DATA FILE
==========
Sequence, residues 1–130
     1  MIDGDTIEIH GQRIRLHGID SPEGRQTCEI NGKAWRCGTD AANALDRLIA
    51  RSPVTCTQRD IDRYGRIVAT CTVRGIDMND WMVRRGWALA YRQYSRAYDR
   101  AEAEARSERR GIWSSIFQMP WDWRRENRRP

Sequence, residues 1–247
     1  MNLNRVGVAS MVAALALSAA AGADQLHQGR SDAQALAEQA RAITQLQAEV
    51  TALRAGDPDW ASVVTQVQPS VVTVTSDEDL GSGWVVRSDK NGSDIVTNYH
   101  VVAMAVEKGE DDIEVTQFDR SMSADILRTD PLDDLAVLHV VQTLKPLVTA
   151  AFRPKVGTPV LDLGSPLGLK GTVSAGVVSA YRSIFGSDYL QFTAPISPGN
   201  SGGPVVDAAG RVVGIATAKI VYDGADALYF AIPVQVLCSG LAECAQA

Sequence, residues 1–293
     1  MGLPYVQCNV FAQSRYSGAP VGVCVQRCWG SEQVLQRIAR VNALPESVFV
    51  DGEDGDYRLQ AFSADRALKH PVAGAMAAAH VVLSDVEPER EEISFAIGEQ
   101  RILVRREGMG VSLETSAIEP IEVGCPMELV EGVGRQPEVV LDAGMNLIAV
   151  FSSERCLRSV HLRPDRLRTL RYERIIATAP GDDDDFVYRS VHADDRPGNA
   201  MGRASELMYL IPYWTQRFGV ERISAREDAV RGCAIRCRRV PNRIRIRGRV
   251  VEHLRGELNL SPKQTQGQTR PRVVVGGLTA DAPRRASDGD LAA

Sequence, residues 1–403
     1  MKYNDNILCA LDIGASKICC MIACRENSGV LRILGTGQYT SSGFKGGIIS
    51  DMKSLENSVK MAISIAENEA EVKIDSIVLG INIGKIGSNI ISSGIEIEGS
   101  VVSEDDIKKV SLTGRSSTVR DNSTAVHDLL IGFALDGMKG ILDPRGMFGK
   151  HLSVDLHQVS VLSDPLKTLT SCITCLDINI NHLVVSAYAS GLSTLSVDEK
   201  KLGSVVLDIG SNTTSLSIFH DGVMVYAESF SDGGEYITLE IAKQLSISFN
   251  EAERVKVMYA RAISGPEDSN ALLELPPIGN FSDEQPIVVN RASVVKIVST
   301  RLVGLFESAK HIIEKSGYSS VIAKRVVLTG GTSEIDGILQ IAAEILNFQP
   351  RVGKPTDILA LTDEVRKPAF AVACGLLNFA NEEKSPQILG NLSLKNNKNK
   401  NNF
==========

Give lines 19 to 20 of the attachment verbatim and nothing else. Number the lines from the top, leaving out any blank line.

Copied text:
     1  MKYNDNILCA LDIGASKICC MIACRENSGV LRILGTGQYT SSGFKGGIIS
    51  DMKSLENSVK MAISIAENEA EVKIDSIVLG INIGKIGSNI ISSGIEIEGS